As the roast proceeds, the beans start to get darker and darker and the smoke starts to smell more and more like roasting coffee. Initially, some beans will be getting brown, while others remain light green or tan. Don't worry about it. Once the beans reach a certain point, they start heating each other. Just make sure you're not leaving the gun in one location too long, and that there aren't cool spots in the bowl because you're not mixing them enough. I usually pass the stick through the middle of the bowl every few turns around the bowl so beans don't get stuck in the middle where it might not be as warm.

The beans will darken from tan, to brown, to dark brown, and eventually they'll get very dark and start to get shiny and oily looking. Learning to recognize the colors, sounds, and the smells of the beans as they roast is the most important part of getting perfectly roasted coffee, just the way you like it. Heat gun dog bowl roasting has a great advantage over other roasting methods because the entire process is in the open where you can use all your senses to judge the roast.

[ Six minutes ]

Six minutes

At some point in between brown and dark brown, but generally before the beans start to look oily and really start to smoke is "first crack." You will know it when you hear it because the beans will actually audible, making loud, sharp popping noises a lot like popcorn popping. At this point the beans have reached the level of "City Roast." The amount of time you continue to roast the beans beyond City, determines what the coffee with taste like. In general, beans that are cooled before reaching first crack will taste sour when brewed, so the first time I roast a new bean, I always take the roast at least to when first crack is winding down before cooling the beans.

In the images on the right, first crack started right around seven minutes, and continued through eight minutes. I don't like very dark roasted coffee (like Starbucks, for example), so I stopped the roast after first crack was finished (after about eight and a half minutes).

First crack will continue for a minute or two as individual beans get up to the internal temperature required. At this point, the roast is self-sustaining because of the reaction triggered inside each bean. You can draw out the length of time between first crack and the next audible stage (logically called "second crack") by moving the heat gun farther away from the beans. As long as you give them a little heat, they'll keep roasting.

As mentioned, if you keep roasting after first crack has stopped, you will reach second crack. The beans will make another cracking sound, but it's quieter, more subtle, and tends to be more condensed than first crack. In first crack you can hear the individual beans popping, but in second crack, it's more like a general crackling sound as multiple beans reach that stage at the same time. The beans will normally be very dark brown and start to look shiny from the oils reaching the surface.

[ Seven minutes ]

Seven minutes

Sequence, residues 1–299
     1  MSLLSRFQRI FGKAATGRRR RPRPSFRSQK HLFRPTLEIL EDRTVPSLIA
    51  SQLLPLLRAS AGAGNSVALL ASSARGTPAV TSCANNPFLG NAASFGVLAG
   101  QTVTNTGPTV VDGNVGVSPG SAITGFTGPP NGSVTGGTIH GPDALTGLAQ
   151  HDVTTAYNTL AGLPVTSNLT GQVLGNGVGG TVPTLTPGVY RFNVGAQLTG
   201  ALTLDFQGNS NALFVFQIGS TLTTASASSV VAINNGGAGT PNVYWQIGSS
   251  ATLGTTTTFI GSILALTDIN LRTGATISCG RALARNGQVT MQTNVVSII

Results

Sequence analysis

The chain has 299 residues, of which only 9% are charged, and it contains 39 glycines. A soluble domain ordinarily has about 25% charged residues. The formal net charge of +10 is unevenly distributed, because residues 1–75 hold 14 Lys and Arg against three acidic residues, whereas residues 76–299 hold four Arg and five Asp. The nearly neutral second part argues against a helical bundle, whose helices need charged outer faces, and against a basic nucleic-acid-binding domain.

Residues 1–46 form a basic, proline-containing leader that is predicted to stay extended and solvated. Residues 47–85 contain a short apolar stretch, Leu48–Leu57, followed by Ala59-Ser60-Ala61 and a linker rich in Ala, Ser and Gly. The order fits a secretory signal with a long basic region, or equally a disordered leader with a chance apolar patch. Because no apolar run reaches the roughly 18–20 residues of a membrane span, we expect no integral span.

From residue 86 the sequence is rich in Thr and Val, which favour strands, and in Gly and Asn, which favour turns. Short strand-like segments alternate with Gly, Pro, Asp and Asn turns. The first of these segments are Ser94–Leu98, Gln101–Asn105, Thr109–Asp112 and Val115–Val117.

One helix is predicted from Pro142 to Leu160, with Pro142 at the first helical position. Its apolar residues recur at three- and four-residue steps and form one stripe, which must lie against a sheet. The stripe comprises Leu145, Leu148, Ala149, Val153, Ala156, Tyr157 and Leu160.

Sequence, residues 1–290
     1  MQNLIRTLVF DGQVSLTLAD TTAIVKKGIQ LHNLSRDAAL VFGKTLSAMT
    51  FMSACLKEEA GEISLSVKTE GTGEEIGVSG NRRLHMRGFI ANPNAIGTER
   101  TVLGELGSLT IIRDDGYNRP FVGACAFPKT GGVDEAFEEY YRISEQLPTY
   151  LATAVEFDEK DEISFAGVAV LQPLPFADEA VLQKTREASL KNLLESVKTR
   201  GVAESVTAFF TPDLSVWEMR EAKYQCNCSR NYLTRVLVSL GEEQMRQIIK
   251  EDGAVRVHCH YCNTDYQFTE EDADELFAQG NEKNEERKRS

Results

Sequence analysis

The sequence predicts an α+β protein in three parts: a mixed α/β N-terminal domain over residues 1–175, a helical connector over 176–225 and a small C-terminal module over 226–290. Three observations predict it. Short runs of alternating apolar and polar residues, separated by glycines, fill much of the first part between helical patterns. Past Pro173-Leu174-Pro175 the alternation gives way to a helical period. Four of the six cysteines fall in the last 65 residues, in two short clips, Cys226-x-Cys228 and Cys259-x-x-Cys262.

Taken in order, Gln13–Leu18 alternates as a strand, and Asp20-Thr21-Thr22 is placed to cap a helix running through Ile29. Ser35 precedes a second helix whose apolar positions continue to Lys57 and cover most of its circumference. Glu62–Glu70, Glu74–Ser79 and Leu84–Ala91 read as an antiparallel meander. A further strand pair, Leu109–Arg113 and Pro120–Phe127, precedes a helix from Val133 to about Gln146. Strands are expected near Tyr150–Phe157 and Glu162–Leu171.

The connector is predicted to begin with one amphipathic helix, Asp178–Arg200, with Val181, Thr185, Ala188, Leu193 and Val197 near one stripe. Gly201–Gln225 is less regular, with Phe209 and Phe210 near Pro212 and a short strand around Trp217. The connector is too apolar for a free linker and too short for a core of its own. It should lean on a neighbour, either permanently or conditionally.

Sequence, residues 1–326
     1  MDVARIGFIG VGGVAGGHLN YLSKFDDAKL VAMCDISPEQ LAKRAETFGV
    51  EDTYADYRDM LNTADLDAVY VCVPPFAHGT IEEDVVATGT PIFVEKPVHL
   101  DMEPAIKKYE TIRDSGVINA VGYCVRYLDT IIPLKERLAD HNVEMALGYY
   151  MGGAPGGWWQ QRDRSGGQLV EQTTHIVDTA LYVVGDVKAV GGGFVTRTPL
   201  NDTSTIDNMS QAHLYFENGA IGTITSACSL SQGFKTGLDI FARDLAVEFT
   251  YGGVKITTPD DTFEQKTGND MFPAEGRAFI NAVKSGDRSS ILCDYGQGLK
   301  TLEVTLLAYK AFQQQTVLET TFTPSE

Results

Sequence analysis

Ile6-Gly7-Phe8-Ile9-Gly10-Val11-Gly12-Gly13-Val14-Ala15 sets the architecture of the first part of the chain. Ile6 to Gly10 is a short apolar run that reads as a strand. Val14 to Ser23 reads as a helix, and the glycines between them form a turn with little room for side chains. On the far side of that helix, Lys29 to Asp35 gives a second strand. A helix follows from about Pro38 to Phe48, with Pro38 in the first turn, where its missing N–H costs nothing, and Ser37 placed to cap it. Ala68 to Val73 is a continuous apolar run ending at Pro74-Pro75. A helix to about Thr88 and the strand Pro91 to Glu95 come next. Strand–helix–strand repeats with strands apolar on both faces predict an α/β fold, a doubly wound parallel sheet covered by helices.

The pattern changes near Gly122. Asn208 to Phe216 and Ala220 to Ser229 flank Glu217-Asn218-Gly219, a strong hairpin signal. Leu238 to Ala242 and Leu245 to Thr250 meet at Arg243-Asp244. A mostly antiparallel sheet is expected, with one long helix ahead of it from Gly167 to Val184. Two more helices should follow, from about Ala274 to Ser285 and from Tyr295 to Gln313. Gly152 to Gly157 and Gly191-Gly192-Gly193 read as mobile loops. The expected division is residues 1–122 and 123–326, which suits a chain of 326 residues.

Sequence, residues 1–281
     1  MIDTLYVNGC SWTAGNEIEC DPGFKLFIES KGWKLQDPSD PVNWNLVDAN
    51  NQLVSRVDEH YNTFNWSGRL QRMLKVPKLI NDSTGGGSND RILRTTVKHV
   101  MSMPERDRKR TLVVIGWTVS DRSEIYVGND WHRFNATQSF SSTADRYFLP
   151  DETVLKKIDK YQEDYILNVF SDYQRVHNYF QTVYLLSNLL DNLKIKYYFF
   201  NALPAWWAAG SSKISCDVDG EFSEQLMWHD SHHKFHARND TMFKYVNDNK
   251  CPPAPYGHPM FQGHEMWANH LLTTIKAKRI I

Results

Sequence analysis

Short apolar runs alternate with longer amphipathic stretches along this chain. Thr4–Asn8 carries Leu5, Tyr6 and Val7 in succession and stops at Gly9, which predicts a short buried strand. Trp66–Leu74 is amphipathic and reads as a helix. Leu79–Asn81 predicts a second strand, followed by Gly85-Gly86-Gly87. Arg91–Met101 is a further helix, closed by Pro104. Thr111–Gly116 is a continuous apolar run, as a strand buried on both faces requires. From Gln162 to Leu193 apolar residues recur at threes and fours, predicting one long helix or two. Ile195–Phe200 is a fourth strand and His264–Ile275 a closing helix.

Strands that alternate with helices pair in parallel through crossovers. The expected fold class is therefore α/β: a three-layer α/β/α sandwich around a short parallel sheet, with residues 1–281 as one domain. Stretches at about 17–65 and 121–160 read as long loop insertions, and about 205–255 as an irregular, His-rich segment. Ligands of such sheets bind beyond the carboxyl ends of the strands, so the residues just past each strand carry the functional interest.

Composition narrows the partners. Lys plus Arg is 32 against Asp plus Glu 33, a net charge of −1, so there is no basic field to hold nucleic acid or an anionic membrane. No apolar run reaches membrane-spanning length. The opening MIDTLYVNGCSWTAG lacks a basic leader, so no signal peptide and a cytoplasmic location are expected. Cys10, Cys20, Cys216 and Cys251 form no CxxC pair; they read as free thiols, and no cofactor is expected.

At second crack, the beans are at what's called "Full City Roast". There's generally less "origin character", but more roasted flavors than beans that are stopped at a City Roast. If you buy your beans from Sweet Maria's, the bags have suggestions about where the bean should be roasted to get the most out it.

The roasting reaction is going full bore between first and second crack, and the beans will really start to smoke heavily. And as you get closer to second crack and beyond, the smokiness will smell less like roasting coffee and more like something is burning. I can usually tell just by the smell when it's appropriate to stop roasting because I don't like the flavor of well roasted beans.

If you continue beyond second crack, the beans will get darker and more oily. When they're basically black and covered with a shine, you've reached Vienna Roast, and if you continue, you'll get to French and then Spanish Roast. By Spanish Roast, the beans are basically burned on the outside and most of the flavor and body compounds in the coffee will have disintegrated. Unless you prefer really dark roasted coffee, you probably don't want to go much past a Vienna Roast. Espresso roasts are usually taken to Vienna or French Roast, so well beyond second crack.

[ Eight minutes ]

Eight minutes


[ Finished ]


Once you're satisfied with the level of the roast, you need to stop the reaction that's going on inside the beans or the coffee will continue to roast itself even without adding more heat. Some people lightly spray the hot beans with water, but I like to pour the beans from the dog bowl to a colander and back again to cool the beans. I also blow on the beans as they're passing between the two containers to remove some of the chaff. As far as I've been able to tell, the chaff doesn't affect the flavor of the beans or get in the way of my grinding, so I don't worry too much about it. After a few passes through the air, the beans are cool enough that the reaction has stopped. It'll still take an hour or so for them to cool off enough for you to put them in a jar.

After they've cooled, put them into a jar and they'll be ready for brewing. Freshly roasted beans keep changing, and some beans taste best eight to twelve hours after roasting, while some peak as much as three days after roasting.

That's really all there is to it. Enjoy!

Back to the main Other Stuff page

[ Page last updated 15-Apr-2007 ]